Originally Posted by CubicleDrone
If Apple respected the consumer then it would not have a closed system and its products would better integrate with the world at large. Apple products work best in its own ecosystem and the consumer pays a premium for that privilege. Apple makes good products but I like flexibility at a price that I feel gives me value for my dollar.
Although you are proving my point about the "intent" of Microsoft's policies, I had no desire to turn this into an Apple critique. However, since you go there I will respond. It is the respect for the consumer that drives Apple to have a closed ecosystem. I got my first Mac in 1983, it was an Apple II, and I was a little kid. Over the years, and with work, i've been forced to use Microsoft products, and I know tech and IT, with a solid understanding of business. Apple has a closed ecosystem for security of the consumer. Most people barely know how to use their smart phone, so they don't know how to secure themselves or their gear online.
Apple monitors, and regulates this process for you, so you can focus on whatever it is you are online to do; this is in grand theory. Apple has always been a niche company, and for all of you smart a$$es out there, graphic designers, photographers, and videographers usually are employed in a small firm environment, so Apple classifies what they buy as consumer products. Reason why, is there are no economies of scale which is what you get in Enterprise. Microsoft and Apple are the same, they just primarily target opposite ends of the spectrum. Apple is primarily a "consumer electronics company". Microsoft is a software firm focused on Enterprise tools. Both, have crossed over a good bit over the past 15 years, but their core has not changed.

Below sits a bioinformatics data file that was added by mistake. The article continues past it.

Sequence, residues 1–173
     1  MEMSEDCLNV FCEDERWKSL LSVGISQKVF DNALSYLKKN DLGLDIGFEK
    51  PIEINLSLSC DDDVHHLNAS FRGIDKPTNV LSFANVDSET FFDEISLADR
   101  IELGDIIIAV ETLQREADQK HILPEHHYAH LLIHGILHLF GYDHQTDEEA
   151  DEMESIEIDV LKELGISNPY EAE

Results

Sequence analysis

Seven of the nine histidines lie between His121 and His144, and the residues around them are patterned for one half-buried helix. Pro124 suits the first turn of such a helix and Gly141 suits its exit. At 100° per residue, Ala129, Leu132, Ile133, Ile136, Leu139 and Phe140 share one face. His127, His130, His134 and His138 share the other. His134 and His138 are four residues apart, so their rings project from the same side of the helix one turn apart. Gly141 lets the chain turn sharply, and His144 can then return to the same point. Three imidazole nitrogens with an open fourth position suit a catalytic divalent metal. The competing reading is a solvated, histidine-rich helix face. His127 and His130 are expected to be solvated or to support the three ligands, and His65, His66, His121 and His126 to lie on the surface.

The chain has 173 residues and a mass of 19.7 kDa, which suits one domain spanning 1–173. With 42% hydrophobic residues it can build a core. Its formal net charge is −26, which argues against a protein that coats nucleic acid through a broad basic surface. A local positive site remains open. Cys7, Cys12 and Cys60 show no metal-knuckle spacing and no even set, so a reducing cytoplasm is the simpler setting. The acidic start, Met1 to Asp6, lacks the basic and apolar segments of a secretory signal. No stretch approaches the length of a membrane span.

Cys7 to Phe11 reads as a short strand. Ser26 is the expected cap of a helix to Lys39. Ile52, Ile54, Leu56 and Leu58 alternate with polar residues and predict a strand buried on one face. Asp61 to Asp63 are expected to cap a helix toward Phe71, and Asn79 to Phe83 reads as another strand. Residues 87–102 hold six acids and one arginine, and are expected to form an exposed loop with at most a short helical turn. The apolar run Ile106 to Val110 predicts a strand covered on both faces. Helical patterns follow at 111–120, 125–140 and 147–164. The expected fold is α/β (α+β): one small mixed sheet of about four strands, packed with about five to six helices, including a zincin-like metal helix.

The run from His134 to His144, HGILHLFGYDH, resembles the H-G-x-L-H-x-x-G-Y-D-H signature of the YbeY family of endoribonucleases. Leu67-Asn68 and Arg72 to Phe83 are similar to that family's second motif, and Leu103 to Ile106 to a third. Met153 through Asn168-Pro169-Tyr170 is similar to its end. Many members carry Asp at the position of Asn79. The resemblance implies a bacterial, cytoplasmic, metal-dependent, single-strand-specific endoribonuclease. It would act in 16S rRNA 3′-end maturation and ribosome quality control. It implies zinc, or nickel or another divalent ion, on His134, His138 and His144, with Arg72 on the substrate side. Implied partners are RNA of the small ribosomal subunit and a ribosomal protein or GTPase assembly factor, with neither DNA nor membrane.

My point was this.... In the world of Enterprise business that Microsoft is an expert, policies such as those seen in XBOX One are just fine; even expected. Businesses would rather one vendor handle multiple objectives for a lower price. Issue is, usually most can't do all of these things well. For instance, Microsoft Makes great database infrastructure (SQL Server), but are not who you turn to for SAN/NAS. Their virtualization platform works, but it's not a VMware or Citrix.
Gamers, are just a subset of "tech guys". For example, most of us tech guys don't have our HDTV, Receiver, and speakers made by the same manufacturer. Those who actually do, are often laughing stock to guys here on AVS, since they have an "Home theater in a box" system from a big box store. Gamers don't want the game box to handle it all, mostly because it won't be as good at it as our current custom systems.
I may not have a $20K home theater, but my set up is far from beginner. I want my Pioneer ELITE to do most of the work in my set up, and I already have streaming devices, so I only need my game system to play game; make sense?
Most gamers saw these policies as Microsoft taking too much control that we not only don't want, but don't need, nor like the thought of.